Wednesday, October 13, 2010

Trombonist Andy Martin Setting Standards

Trombonist Andy Martin has been a fixture on the West Coast scene for years. Growing up in a musical family (his father was a musical educator as well as a trumpeter and he plays with his brothers as part of the Martin Brothers Horns), his website notes that he counts among his influences the trombone greats Frank Rosolino and Carl Fontana, as well as saxophonist Michael Brecker and trumpeter Clifford Brown. Besides working and recording with the likes of the late Vic Lewis, Pete Christlieb and Carl Fontana, he has been an in demand player whether in the recording studio (Coldplay, Pussycat Dolls and Michael Buble), worked on most major televised award shows and on the soundtracks for over 75 major films. He has played and been featured in about every Los Angeles big band and his new album with The Christian Jacob Trio, “Setting the Standard” (Drewbone), is his eight album as a leader or co-leader.

Despite his accomplishments, this writer was not familiar with him prior to this recording with the afore-mentioned trio of pianist Christian Jacob, bassist Trey Henry and drummer Ray Brinker. The title has several meanings including the standard he sets with his highly accomplished playing as well his the wonderful interpretations of various standards heard her starting with the bouncy opener, “Pick Yourself Up,” (from Jerome Kern and Dorothy Fields)where his warm and precise bebop playing is complemented by Jacob’s trio. Jacob is a marvelous pianist with a swinging melodic touch. On the classic Ira Gershwin-Kurt Weil ballad, “My Ship,” Martin employs such a lovely tone with bassist Henry also stating the theme.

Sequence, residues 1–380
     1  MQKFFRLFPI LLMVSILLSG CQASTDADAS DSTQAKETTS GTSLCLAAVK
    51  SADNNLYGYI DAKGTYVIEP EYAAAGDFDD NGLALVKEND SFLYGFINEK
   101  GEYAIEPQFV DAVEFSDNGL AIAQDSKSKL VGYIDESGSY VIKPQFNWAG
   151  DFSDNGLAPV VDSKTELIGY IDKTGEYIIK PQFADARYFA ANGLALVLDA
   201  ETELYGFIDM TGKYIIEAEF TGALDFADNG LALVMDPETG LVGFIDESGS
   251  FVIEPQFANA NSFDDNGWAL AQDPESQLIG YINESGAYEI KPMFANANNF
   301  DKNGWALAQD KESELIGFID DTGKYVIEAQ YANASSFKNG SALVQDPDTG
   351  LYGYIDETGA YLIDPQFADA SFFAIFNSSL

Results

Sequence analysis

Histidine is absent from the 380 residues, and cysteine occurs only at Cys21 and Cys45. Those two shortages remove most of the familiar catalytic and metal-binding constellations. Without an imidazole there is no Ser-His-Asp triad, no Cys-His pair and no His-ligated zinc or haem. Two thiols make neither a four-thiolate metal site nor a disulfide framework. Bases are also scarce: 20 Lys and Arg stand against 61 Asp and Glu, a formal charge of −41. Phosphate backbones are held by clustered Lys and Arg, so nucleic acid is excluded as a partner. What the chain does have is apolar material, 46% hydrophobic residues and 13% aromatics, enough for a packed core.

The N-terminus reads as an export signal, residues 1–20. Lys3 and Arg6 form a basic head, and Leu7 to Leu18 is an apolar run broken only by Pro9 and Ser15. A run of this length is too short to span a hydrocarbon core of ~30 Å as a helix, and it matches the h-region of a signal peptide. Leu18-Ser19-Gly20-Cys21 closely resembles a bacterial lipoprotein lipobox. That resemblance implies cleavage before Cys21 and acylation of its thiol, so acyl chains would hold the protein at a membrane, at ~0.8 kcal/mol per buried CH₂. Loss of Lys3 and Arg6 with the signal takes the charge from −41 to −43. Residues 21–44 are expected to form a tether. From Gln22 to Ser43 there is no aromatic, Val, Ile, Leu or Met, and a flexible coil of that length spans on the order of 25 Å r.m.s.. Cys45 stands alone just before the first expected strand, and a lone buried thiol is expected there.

The rhythm adds a nice Latin touch to “That’s All,” while the use of the languid tempo for “Put on a Happy Face,” gives a wistful flavor to the composition. “Line For Lewis” opens with some marvelous a capella trombone as he states the theme before Jacob chimes in for a few bars and then the band kicks of on an uptempo romp. The remarkable performance of Jacob’s “M.B.E. Blues,” sounds inspired by “Kind of Blue,” particularly “All Blues.” Jacob’s piano evokes Bill Evans while Martin sounds at home in this modal context as his bopish rendition of “Old Man River,” and the crisp swing of “Stomping at the Savoy,” with the trio adding their own unique twist to the accompaniment.

The pleasures of Andy Martin and the Christian Jacob Trio have increased with repeated listening. “Setting the Standard,” is an apt title for what is an exceptional release. It can be ordered from Martin’s website,, and from cdbaby.

This review appeared originally in Jazz & Blues Report (September 2009) which can be downloaded at

For purposes of FTC regulations, the review copy was provided by a publicity firm.

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